Original Soundtracks That Inspired “Thirty Eight”

Marvin Gaye’s Trouble Man is an amazing OST. The music on there, it doesn’t matter at what point in the film, it doesn’t matter at what point in the actual OST. It’s beautiful music. Another OST that I love is actually Blacula. If you listen to Blacula, it’s an amazing album. The music throughout it from front-to-back is crazy. It’s a great score, and then there’s music on the album that wasn’t in the movies. It’s great music.

The Warriors OST is awesome.

The Spook Who Sat By The Door. Dope music.

Sweet Sweetback’s Baadasssss Song. Amazing OST.

Cotton Comes To Harlem.

Any OST that had to do with Isaac Hayes.

Any OST that had to do with Quincy Jones.

Any OST that had to do with Barry White.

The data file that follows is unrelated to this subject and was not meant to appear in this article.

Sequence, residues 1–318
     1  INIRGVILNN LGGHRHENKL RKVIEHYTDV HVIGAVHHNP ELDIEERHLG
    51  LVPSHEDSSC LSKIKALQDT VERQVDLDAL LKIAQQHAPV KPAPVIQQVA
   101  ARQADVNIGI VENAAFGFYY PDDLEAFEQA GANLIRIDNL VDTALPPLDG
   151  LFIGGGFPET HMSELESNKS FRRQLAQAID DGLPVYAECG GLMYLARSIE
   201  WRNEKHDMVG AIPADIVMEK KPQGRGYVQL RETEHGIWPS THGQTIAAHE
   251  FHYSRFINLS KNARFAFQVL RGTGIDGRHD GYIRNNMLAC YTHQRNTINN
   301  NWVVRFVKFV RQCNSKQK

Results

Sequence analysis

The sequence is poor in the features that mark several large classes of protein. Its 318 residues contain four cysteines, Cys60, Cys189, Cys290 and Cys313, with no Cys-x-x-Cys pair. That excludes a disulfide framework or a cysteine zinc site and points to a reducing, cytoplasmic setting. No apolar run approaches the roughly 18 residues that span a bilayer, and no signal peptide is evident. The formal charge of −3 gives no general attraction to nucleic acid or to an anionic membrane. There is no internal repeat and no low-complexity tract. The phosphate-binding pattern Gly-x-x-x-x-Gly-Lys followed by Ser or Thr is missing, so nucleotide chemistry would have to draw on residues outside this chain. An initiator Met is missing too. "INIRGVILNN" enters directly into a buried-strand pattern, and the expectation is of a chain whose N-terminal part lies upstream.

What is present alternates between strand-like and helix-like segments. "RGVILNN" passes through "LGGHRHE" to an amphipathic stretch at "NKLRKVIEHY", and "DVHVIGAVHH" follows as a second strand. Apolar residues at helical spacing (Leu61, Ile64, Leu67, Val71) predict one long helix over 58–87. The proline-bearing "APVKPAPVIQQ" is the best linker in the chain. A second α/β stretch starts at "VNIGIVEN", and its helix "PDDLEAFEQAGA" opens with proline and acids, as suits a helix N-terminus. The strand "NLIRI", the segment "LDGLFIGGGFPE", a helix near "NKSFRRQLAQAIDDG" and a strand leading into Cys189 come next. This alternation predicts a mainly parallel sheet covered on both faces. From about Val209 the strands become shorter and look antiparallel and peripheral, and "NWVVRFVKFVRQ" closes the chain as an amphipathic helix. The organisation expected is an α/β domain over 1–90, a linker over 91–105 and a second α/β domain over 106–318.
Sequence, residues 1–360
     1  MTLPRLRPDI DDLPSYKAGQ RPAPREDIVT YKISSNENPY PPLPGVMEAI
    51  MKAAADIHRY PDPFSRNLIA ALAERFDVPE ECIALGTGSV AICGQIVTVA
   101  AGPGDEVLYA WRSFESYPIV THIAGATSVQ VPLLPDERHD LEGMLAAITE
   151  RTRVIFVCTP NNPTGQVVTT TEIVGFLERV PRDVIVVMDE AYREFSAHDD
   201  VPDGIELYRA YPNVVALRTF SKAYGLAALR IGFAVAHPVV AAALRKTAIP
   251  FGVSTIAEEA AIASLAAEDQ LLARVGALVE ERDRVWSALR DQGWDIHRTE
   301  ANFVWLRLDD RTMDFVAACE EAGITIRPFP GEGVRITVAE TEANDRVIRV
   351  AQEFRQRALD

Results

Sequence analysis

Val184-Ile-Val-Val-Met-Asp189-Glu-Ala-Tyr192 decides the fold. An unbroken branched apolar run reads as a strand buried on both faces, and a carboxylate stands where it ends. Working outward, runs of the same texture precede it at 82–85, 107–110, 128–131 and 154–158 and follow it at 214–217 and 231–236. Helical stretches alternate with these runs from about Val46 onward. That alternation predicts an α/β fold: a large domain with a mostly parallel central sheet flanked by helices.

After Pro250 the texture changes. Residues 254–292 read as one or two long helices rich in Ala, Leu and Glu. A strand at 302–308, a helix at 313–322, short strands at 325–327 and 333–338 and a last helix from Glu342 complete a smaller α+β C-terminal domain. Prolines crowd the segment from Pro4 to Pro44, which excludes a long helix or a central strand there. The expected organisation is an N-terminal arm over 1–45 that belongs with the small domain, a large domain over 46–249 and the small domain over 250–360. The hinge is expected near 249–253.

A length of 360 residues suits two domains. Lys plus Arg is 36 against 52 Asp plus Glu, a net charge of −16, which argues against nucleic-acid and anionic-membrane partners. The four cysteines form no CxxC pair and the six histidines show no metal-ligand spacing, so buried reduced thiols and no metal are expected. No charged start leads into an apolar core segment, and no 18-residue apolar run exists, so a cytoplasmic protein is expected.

We’re talking about amazing composers. These aren’t producers, these are composers. They make every piece of music fit the feeling of the scene. Even if you weren’t feeling that way, they could put some music that doesn’t even match and makes you feel a whole different way than what you think you’re supposed to be feeling. Somebody could have just murdered somebody in cold-blood, and they’ll put a certain piece of music to it that makes you feel bad for the person that murdered the other guy. You don’t even feel sorry for the man who just got murdered. You’re feeling sorry for the murderer. That’s what music can do; that’s what a score can do. It can make you feel things that you’re not really supposed to be feeling. Like old Dolomite OSTs and stuff like that, even though they were comedies, there was amazing music on those.

These are bodies of work from front-to-back that evoke emotion. Just like any album should be whether it’s an instrumental album or a vocal album. Whether it’s Hip Hop or it’s R&B or it’s Rock. Whatever. I think any piece of music that you make should evoke emotion. That’s what OSTs can do.

My Chemistry With Roc Marciano As The Sole Featured Guest